Title: Tár

Year: 2022

Genre: Drama | Music |

Runtime: 158 min

Director: Todd Field

Starring: Cate Blanchett, Noémie Merlant, Mark Strong


Set in the international world of Western classical music, the film centers on Lydia Tár, widely considered one of the greatest living composer-conductors and the very first female director of a major German orchestra.

Todd Field’s music-drama Tár is positioned in the world of classical music with Cate Blanchett in the lead. As Lydia Tár, she is a fearless, strong, and occasionally eccentric conductor. She’s in a relationship with a woman, rude to colleagues but helps her girlfriend’s daughter with a bully.

It’s a strong character we have to deal with. Like so many other dramas, the diegetic sound plays a major role in the film. What’s most prominent is how vulnerable Lydia is behind the façade of her persona. It’s also interesting how she deals with the conflicts from her colleagues once she confronts them. The film slowly let her career fall while she doesn’t do anything about it, actively.

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The cinematography is spot on, it captures also a sober mood that fits the film. The darkest scenes push the illuminating sense of Lydia’s personality and inner thoughts. The music is enthralling and pinpoints the whole aspects how the story while it progresses. The deviant of Lydia’s irrational behavior comes to a breaking point, even when she can’t do her job anymore.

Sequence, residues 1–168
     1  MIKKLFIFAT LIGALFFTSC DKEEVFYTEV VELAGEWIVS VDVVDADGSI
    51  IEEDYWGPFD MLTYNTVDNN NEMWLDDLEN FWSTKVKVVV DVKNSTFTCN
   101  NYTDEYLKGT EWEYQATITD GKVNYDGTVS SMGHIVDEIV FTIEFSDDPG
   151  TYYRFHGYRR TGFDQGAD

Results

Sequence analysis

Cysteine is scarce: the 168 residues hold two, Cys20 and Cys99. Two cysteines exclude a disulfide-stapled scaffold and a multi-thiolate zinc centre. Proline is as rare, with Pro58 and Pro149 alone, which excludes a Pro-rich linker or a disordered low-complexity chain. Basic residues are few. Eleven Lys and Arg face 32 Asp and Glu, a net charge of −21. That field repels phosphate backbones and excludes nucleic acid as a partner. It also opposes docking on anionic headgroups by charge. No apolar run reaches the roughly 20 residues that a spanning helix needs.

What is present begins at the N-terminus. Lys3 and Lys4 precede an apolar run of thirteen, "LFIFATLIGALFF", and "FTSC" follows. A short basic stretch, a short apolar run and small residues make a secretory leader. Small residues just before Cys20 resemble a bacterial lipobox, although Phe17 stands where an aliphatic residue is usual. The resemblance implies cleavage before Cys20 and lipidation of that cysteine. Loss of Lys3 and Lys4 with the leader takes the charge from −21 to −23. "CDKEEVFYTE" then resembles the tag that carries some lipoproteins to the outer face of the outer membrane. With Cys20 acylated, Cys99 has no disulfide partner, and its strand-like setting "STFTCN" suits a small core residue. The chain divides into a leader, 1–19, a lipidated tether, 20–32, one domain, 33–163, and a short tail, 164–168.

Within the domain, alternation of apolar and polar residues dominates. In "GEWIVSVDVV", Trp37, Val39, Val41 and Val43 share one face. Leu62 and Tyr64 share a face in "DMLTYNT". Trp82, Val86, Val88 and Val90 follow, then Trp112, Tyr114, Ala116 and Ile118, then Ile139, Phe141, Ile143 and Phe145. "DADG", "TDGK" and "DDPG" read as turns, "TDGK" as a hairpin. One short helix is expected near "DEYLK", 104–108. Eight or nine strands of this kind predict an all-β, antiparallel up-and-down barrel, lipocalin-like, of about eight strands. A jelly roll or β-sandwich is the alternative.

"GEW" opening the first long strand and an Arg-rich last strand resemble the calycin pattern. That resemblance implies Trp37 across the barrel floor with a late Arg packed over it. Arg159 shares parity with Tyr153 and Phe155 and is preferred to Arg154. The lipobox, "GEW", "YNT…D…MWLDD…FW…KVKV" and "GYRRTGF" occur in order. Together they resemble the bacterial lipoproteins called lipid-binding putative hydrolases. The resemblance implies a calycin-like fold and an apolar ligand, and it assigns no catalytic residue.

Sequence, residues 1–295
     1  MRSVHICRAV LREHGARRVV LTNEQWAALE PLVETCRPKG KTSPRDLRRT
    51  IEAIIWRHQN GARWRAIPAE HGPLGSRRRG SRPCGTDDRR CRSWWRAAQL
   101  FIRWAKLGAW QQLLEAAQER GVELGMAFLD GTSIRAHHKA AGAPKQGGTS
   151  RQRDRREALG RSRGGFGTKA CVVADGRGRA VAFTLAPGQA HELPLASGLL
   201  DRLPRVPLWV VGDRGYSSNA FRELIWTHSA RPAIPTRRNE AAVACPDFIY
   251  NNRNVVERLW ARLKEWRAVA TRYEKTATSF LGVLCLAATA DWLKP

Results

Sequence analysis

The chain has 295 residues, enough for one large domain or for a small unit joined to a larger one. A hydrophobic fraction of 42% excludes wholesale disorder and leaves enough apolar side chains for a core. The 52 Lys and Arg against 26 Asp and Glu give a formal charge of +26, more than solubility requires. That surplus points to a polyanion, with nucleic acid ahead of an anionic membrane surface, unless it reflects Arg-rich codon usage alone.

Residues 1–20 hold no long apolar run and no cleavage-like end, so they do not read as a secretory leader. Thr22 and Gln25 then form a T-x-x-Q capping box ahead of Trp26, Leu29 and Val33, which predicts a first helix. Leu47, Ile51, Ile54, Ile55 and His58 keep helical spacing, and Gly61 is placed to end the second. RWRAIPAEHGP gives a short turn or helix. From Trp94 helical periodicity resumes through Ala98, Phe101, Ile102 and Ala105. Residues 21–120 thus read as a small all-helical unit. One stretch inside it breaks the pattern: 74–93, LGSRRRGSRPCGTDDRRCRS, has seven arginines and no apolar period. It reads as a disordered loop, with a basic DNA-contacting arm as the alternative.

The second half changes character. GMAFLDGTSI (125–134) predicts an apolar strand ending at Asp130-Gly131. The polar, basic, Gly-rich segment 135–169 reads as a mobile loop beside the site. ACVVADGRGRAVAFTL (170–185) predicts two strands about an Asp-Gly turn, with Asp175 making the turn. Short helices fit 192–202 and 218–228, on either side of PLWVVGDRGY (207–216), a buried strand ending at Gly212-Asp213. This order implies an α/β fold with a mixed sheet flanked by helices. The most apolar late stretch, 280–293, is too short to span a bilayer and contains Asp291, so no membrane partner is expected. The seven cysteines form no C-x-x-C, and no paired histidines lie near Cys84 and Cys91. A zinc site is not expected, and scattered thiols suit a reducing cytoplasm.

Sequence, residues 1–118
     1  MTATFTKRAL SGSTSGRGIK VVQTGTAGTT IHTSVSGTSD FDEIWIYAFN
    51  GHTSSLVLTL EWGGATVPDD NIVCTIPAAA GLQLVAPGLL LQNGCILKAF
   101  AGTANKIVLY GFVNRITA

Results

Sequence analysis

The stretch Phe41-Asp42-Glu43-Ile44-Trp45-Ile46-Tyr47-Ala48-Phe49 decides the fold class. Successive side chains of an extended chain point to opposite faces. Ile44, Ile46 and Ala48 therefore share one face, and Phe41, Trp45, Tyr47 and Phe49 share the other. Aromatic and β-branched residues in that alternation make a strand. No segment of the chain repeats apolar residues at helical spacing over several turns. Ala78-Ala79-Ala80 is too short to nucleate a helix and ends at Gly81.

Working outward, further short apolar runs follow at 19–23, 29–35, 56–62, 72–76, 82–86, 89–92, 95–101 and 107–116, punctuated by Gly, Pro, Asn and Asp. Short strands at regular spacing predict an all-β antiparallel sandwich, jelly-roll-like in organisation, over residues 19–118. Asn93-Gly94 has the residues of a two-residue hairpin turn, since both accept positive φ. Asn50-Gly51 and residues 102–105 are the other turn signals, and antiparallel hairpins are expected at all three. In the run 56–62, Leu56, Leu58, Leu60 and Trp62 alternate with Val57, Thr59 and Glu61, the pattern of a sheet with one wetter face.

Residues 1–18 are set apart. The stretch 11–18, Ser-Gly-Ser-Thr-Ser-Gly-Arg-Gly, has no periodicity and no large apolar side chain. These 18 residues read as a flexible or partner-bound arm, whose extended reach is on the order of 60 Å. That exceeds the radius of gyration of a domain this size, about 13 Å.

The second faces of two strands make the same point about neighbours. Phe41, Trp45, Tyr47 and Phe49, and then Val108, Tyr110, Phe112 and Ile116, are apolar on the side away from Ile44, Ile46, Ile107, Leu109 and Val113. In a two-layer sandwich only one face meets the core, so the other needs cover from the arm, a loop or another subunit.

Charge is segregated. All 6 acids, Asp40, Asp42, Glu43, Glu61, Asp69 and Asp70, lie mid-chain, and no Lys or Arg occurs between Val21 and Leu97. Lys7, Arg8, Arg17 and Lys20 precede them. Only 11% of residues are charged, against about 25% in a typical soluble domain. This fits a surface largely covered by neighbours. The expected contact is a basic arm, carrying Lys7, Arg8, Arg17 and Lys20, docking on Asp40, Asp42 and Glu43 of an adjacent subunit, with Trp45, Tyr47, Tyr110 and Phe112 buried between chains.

The editing is the weakest point, making the scenes go on forever. That’s what it feels like. The problem with Field’s directing is the predictions that come. The direct indicates a fierce maestro, but there is no real conclusion. Some scenes feel over-directed. Lydia’s role in the child is never established. The external activities are never shown, only spoken off. We don’t get deep into her character, and few details are revealed. In the end, she has turned everyone against her.

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Cate Blanchett’s dedication to the character is what saves the film. Her rude behavior, her fall as a conductor, the denials, and her fluent German essentially gives this story meaning. The artistic aura of the film, the long talks of exposition in 15 minutes initially doesn’t sell the film. Having a talk for so long might turn the viewer’s gaze away. It’s a slow-burned film with an irrational lead, music-fixating class, and brilliant conducting but never reaches a deeper level of consciousness. It could be something more but ended without a climax, only an escape from reality

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